Tony Cartalucci, Contributor
The United States invoked the so-called “responsibility to protect” doctrine as justification for NATO military intervention in Libya, based on fears that the Libyan government was about to enter, and eliminate systematically, resistance in the eastern city of Benghazi. This was based on alleged statements made by Libyan leader Muammar Qaddafi, claiming he would hunt armed resisters, “door to door.”
Image: Cover of the ICISS report on “The Responsibility to Protect,” also known as R2P. R2P is a geopolitical mechanism used to couch foreign military aggression within “humanitarian concerns.” NATO’s use of the doctrine in Libya was based on “evidence” now admittedly fabricated by the Libyan opposition itself, with the subsequent military intervention killing by far more people than the violence it claimed it was stopping. Additionally, the intervention installed a government guilty of documented and sweeping atrocities that dwarf accusations made against Qaddafi – this includes NATO-backed rebels exterminating a city of 10-30,000 black Libyans (and here). For a definitive look at R2P, please listen to James Corbett’s excellent presentation, “R2P or: How the Left Learned to Stop Worrying and Embrace Wars of Imperial Aggression.”
Qatari state-run Al Jazeera reported in a March 2011 article titled, “Obama defends military intervention in Libya:”
In blunt terms, Obama said the Western-led air campaign had stopped Gaddafi’s advances and halted a slaughter that could have shaken the stability of an entire region and ‘stained the conscience of the entire world’.
‘To brush aside America’s responsibility as a leader and more profoundly our responsibilities to our fellow human beings under such circumstances would have been a betrayal of who we are.’
‘I can report that we have stopped Gaddafi’s deadly advance,’ the US president said.
‘We will deny the regime arms, cut off its supply of cash, assist the opposition, and work with other nations to hasten the day when Gaddafi leaves power,’ he said.
Now, fighting has erupted across Libya once more – and “rebels” are rising up against the client-regime installed by NATO late last year. NATO’s proxies in Tripoli have stated, according to the Guardian’s report, “Confusion rife as Libyan army storms town of Bani Walid:”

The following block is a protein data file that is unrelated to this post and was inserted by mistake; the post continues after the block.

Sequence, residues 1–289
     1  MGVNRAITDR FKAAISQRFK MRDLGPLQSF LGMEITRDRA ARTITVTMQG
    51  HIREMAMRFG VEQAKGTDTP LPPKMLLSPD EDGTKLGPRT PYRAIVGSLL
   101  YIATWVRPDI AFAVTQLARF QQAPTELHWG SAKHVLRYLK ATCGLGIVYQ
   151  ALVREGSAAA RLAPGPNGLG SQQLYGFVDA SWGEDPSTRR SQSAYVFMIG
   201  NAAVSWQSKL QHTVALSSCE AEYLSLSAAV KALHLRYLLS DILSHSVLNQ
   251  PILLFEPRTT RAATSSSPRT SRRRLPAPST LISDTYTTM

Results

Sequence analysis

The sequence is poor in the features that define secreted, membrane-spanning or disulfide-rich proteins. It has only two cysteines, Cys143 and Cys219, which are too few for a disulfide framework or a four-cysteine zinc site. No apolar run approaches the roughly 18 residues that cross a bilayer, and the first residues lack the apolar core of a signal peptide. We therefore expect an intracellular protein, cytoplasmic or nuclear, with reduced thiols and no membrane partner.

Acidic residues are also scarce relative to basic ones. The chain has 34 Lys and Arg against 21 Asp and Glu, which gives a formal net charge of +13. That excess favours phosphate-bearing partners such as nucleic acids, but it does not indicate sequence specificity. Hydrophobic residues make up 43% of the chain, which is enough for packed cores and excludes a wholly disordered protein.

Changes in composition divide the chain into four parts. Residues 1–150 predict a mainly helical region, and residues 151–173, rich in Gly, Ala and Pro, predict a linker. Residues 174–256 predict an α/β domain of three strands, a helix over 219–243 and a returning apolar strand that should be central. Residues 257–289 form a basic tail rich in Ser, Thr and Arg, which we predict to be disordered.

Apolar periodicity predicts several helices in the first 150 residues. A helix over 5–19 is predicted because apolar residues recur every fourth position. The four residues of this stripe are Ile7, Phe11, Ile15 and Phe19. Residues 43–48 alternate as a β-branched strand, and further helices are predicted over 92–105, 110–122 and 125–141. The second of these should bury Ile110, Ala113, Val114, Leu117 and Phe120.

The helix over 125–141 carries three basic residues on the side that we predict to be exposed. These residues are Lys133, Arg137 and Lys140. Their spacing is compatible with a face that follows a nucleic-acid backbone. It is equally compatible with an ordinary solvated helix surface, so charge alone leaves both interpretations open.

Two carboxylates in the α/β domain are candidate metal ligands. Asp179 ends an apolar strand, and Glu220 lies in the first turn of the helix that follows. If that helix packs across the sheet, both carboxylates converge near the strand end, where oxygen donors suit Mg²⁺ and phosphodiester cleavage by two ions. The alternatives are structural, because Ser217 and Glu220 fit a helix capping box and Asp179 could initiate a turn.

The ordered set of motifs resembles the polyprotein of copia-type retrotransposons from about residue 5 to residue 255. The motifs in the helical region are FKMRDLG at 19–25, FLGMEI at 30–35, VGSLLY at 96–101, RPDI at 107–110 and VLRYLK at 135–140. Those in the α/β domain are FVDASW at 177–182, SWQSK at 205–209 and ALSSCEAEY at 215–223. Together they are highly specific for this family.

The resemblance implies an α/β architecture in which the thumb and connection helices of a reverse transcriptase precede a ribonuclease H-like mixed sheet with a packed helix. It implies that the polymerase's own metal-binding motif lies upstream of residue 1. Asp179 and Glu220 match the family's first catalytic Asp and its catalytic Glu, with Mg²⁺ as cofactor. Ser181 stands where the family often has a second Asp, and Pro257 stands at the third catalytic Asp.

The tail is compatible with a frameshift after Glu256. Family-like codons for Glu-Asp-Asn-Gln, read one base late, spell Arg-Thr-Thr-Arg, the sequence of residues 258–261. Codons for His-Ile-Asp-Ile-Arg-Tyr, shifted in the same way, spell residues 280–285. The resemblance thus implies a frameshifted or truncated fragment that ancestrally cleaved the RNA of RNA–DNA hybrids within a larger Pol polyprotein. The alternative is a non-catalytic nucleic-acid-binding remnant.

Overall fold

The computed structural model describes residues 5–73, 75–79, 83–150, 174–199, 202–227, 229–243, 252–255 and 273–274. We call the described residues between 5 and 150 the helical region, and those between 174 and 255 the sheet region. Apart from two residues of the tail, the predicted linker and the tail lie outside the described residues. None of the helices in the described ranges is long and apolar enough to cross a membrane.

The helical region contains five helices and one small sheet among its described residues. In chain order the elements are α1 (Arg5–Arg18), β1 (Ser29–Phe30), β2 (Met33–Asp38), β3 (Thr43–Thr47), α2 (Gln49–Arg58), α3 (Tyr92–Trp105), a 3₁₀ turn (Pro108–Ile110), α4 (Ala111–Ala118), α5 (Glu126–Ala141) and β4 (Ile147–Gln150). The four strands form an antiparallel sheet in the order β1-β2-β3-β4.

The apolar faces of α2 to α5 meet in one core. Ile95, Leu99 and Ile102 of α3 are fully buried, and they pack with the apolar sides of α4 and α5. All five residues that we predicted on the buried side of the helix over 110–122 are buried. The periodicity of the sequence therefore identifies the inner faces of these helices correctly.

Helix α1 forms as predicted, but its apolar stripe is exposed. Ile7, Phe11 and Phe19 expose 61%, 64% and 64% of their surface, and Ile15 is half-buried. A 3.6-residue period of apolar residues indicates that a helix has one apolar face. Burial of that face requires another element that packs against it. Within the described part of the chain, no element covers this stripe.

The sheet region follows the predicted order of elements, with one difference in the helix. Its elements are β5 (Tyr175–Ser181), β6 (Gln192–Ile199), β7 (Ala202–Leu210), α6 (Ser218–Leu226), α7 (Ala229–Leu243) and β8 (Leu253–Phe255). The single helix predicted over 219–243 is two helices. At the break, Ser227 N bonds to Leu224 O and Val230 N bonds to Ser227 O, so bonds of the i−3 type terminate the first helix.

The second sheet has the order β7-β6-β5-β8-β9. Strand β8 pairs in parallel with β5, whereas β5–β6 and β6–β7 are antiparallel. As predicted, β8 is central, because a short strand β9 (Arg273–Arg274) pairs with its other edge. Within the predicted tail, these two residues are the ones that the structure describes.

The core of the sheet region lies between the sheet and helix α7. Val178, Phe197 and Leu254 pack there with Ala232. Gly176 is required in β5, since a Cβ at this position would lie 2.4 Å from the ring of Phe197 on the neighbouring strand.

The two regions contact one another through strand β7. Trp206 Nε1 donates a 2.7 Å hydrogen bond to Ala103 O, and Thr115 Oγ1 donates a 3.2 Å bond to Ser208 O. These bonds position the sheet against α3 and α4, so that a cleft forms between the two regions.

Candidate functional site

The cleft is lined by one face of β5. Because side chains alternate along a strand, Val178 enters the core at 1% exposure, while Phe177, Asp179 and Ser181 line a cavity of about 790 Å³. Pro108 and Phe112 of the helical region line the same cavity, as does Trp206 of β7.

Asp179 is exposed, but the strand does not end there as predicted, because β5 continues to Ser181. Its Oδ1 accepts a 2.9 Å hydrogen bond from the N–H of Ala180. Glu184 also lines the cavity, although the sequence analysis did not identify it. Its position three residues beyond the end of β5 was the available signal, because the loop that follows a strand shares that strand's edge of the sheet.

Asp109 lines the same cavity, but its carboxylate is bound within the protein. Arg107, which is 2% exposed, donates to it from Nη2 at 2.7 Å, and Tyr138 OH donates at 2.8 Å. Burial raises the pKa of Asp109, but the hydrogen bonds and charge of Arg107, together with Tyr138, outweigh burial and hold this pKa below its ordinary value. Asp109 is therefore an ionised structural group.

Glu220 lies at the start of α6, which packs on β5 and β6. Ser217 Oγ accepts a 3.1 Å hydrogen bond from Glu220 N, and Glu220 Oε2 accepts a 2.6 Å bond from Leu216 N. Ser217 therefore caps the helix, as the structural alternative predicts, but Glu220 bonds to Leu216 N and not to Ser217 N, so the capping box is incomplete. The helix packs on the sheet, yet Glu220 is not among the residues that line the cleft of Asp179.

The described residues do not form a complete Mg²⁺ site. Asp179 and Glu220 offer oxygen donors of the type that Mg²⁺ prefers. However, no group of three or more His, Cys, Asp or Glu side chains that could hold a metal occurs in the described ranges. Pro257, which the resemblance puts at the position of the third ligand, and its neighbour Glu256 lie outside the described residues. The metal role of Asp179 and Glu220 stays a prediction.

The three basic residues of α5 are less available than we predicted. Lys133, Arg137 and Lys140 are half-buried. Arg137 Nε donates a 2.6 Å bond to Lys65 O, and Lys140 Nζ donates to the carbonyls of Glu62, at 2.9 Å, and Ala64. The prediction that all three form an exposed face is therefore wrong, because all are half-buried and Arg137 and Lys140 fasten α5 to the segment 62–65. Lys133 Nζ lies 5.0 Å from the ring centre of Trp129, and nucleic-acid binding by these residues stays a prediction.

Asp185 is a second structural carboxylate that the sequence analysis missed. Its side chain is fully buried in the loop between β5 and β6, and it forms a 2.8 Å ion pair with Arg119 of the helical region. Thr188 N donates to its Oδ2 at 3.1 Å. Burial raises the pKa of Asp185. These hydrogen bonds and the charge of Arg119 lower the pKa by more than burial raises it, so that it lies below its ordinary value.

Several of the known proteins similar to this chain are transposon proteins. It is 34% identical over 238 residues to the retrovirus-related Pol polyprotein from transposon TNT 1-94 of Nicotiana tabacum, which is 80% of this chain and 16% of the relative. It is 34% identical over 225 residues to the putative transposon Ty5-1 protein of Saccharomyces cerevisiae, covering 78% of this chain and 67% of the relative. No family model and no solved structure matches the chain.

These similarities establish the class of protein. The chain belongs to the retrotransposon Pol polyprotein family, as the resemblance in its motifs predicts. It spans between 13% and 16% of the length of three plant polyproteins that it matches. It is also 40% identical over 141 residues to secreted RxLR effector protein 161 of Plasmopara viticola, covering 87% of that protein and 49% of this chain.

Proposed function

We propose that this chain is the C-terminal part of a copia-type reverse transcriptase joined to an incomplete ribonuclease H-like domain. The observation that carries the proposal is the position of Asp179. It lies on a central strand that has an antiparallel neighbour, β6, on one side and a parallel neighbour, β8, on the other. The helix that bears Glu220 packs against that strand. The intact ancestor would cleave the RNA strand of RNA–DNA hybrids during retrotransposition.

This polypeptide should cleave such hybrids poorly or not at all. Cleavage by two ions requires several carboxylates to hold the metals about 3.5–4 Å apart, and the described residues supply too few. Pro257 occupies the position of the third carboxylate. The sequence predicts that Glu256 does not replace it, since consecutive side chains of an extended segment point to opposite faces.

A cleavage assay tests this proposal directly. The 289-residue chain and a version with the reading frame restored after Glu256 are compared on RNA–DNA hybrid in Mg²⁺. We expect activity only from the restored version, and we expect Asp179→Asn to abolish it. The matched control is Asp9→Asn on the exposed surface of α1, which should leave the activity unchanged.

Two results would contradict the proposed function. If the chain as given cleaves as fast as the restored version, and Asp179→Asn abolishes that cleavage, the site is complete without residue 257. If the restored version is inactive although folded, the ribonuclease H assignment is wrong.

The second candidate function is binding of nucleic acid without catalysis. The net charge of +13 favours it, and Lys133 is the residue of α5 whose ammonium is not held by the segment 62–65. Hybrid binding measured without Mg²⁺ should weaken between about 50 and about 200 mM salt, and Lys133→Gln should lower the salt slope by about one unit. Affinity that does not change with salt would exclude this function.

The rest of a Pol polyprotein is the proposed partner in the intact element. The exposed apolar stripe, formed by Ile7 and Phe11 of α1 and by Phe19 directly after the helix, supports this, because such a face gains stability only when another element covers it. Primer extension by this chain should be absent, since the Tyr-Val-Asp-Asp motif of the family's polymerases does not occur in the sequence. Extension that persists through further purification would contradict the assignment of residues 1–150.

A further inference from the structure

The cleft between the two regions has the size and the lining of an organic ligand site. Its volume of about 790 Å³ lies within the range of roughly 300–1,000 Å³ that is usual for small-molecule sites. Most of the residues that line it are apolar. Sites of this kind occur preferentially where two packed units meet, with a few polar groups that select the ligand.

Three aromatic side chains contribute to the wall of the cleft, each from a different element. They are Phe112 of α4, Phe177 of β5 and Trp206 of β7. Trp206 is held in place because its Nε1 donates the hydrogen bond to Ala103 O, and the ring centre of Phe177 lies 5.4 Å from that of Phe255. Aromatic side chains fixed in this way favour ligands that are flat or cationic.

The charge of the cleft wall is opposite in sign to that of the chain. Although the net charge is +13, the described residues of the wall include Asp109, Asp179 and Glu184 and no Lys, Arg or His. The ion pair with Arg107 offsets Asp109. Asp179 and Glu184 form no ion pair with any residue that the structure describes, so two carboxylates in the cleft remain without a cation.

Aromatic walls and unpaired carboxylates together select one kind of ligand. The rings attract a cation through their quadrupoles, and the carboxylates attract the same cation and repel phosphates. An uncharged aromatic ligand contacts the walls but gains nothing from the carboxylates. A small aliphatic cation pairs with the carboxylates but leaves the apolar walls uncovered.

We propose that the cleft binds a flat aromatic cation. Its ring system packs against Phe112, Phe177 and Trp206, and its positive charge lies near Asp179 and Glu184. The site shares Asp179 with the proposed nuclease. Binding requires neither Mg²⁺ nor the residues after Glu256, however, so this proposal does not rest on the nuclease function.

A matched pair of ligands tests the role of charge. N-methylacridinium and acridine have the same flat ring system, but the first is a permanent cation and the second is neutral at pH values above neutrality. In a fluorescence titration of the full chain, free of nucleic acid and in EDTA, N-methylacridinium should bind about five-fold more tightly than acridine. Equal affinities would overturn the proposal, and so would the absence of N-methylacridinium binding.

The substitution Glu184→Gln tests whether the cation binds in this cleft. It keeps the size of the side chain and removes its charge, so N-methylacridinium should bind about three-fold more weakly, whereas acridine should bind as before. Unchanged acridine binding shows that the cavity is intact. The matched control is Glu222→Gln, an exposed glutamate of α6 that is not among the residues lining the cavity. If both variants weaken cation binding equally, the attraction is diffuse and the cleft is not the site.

A lot of people who supported Gaddafi are hiding now in Bani Walid. We have a list of names. They are fighting very well because they know they are going to die soon.
Clearly, this constitutes as clear a case for “R2P” as the West claimed it had in 2011. With Qaddafi declared dead and his government swept aside in a bloodbath of reprisals and atrocities, documented safely in retrospect by disingenuous “international” institutions such as Human Rights Watch and the US State Department-affiliated Amnesty International, the people in Bani Walid are fighting for much more than just the fact that they are “supporters of Qaddafi.”
In the divided Libya that emerged from NATO’s military intervention, sectarian violence, discrimination, and marginalization has ensued, betraying the “democratic” values NATO claims to have brought to Libya’ shores. The persisting resistance in Libya stems not only from a sense of injustice regarding the installation of a government by foreign interests through the use of foreign military force, but also from increasing anger over injustice purveyed by the new proxy-regime itself.
That NATO’s proxies in Tripoli have announced intentions to systematically exterminate people found on their “list of names,” without the same international outrage exhibited before NATO’s intervention last year, exposes an egregious, selectively applied double standard that in fact drives the current “international order,” undermining what Western corporate-financier interests claim is the “primacy of international law.”
With the facade of “democratic” Libya unraveling, what is left is evidence of a self-serving corporate-financier agenda of military and economic conquest, merely couched in the premise of “humanitarian intervention” and “global democracy promotion.” NATO’s new failed state, once the most thriving nation in Africa, provides a cautionary model with which to measure similar designs now being directed toward Syria.
Libya, like Iraq and Afghanistan are all warnings of the dangers of “international law” that presumes primacy over state sovereignty. NATO’s failure in Libya, exposed from the beginning as a war of aggression built on a pack of verified lies, should provide ample evidence as to why NATO should be excluded from any further role in “international conflict resolution” beyond the borders of its membership, indefinitely.